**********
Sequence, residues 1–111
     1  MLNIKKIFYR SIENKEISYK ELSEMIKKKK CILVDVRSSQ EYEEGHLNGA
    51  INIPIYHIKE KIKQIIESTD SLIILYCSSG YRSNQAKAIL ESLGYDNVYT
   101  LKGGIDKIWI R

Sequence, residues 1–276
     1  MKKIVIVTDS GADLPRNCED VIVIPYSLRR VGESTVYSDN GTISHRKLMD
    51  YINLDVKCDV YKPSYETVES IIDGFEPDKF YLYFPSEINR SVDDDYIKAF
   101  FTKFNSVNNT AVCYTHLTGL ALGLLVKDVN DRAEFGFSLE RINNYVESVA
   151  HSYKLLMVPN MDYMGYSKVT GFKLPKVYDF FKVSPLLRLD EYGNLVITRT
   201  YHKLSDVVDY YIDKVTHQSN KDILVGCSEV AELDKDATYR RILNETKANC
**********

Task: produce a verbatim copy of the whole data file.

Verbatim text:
Sequence, residues 1–111
     1  MLNIKKIFYR SIENKEISYK ELSEMIKKKK CILVDVRSSQ EYEEGHLNGA
    51  INIPIYHIKE KIKQIIESTD SLIILYCSSG YRSNQAKAIL ESLGYDNVYT
   101  LKGGIDKIWI R

Sequence, residues 1–276
     1  MKKIVIVTDS GADLPRNCED VIVIPYSLRR VGESTVYSDN GTISHRKLMD
    51  YINLDVKCDV YKPSYETVES IIDGFEPDKF YLYFPSEINR SVDDDYIKAF
   101  FTKFNSVNNT AVCYTHLTGL ALGLLVKDVN DRAEFGFSLE RINNYVESVA
   151  HSYKLLMVPN MDYMGYSKVT GFKLPKVYDF FKVSPLLRLD EYGNLVITRT
   201  YHKLSDVVDY YIDKVTHQSN KDILVGCSEV AELDKDATYR RILNETKANC